Solar eclipse with a radio telescope
by Joni Tammi and Juha Kallunki (Metsähovi Radio Observatory, Finland)
Northern Europe had front-row seats for the partial solar eclipse in October 2022. Unfortunately, the sky was overcast in most of Finland, and in most heavily populated southern cost it was raining the whole day. What a day to have a radio telescope!
Aalto University Metsähovi Radio Observatory (MRO) in Kirkkonummi, southern Finland, has been monitoring the Sun at high radio frequencies since the late 1970s. The radome-enclosed 14-m radio telescope is used to create “radio maps” of the Sun by raster-scanning over the solar disk at 37 GHz frequency while recording the total flux density. The aim is to produce at least one solar radio map each day throughout the year. Solar observations are one of MRO’s three main observing modes, together with single-dish AGN monitoring and VLBI, and during the long northern summer days the Sun can be observed literally around the clock; during summer months Metsähovi gets some 18 hours of sunshine per day (not so much in winter though…). The beam size of the 14-m dish at 37 GHz is 2.4 arc minutes, and it takes about 2.5 minutes to complete one scan. During the eclipse, however, the maps take up to nine minutes due to the enlarged scanning area because we wanted to also get the Moon into the view both before and after the eclipse.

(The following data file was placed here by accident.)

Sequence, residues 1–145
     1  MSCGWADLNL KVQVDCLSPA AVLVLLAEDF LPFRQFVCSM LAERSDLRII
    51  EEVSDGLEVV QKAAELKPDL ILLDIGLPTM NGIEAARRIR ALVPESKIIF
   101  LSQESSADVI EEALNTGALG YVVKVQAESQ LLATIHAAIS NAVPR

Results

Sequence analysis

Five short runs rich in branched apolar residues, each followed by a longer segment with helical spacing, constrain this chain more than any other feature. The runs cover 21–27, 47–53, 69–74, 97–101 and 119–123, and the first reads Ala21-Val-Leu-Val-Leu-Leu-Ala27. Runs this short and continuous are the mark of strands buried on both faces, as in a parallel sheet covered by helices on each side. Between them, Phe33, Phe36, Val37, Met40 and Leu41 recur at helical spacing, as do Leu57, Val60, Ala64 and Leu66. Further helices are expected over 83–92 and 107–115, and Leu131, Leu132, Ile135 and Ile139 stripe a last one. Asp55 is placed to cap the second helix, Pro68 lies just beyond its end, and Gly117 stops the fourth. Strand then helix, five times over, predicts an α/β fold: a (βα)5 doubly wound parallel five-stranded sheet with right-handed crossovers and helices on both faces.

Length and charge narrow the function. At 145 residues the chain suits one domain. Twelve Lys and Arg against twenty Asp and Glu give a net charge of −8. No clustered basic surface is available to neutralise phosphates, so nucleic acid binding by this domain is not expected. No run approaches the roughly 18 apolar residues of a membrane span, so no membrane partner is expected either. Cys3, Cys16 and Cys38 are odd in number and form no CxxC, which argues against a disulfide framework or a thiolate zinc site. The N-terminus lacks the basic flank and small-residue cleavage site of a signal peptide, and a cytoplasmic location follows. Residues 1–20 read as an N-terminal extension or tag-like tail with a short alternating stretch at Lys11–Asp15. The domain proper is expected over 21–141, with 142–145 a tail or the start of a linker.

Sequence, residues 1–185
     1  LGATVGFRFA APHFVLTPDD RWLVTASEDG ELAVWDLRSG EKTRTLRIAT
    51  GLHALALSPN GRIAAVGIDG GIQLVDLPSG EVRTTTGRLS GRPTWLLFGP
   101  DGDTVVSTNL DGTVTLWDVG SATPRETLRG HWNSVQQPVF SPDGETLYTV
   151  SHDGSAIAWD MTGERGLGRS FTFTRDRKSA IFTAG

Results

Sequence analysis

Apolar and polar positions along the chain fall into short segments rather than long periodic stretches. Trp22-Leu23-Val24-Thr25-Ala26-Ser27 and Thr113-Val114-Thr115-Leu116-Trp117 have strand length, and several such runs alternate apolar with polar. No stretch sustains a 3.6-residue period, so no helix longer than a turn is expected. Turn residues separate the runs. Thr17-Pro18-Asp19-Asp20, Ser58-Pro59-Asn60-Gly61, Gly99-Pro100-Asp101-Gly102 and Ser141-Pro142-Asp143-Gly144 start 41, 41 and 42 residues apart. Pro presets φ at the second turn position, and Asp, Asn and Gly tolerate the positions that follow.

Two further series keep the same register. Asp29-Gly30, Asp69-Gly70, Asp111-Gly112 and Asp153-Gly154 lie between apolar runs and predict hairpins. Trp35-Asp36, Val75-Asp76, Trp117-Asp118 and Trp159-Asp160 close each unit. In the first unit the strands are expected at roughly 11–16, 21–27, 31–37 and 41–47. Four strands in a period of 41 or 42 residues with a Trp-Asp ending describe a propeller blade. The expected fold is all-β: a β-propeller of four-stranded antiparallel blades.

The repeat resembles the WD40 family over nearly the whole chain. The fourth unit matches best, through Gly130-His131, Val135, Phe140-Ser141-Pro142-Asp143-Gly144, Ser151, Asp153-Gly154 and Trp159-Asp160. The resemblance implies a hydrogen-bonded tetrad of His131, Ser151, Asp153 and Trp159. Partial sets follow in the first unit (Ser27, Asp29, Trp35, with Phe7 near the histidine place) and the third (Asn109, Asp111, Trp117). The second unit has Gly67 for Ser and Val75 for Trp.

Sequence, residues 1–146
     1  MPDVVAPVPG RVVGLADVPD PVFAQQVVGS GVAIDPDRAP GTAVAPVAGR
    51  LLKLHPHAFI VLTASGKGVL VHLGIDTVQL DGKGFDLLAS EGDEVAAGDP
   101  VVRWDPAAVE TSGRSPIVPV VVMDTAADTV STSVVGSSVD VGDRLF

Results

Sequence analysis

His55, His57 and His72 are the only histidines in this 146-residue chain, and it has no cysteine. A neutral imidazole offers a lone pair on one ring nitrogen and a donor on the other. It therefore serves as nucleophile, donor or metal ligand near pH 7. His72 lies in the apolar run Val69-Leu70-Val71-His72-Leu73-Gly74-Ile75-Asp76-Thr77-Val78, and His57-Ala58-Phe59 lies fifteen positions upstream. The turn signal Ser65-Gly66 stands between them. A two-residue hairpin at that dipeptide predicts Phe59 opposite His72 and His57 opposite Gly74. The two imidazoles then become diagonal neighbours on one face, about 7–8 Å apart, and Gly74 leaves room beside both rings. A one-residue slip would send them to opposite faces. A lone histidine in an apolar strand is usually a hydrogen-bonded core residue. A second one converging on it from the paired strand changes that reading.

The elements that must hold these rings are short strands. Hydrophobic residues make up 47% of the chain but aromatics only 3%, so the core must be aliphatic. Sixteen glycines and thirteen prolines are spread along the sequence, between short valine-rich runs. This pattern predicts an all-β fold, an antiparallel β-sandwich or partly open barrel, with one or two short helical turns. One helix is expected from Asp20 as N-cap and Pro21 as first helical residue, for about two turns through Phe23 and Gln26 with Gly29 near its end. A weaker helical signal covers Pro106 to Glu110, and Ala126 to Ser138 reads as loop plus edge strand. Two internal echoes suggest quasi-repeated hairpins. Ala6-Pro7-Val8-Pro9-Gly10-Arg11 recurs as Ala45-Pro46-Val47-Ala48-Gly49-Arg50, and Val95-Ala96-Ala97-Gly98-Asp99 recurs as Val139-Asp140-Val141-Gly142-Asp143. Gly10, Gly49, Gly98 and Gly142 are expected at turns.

Solar eclipses provide a great opportunity for testing the equipment: as the sharp edge of the Moon’s disk occults various active regions and parts of the Sun, the observed effects at different frequency domains can be used to “enhance” the angular resolution due to relatively large beam size. From the astronomical point of view, this also enable detailed comparison between the sources of the radiation at different frequency bands. Although we semi-routinely carry out New Moon observations to offer a calibration target for the solar observations, having both the dark side of the Moon and the Sun in the same picture, even overlapping, is also a great demonstration of the sensitivity range of the system for the wider public. A more detailed description of the observations is in preparation by Kallunki et al.
During the October eclipse it was raining at Metsähovi (and most of Finland) during the whole eclipse, but we were still able to produce reasonably good images. While the rain clouds may have prevented obtaining technical and scientific results, they had silver lining: as none other observatory was able to produce news-worthy images of the eclipse, the media turned to radio astronomers.
Find details and animations of the partial solar eclipse as seen with radio telescopes here.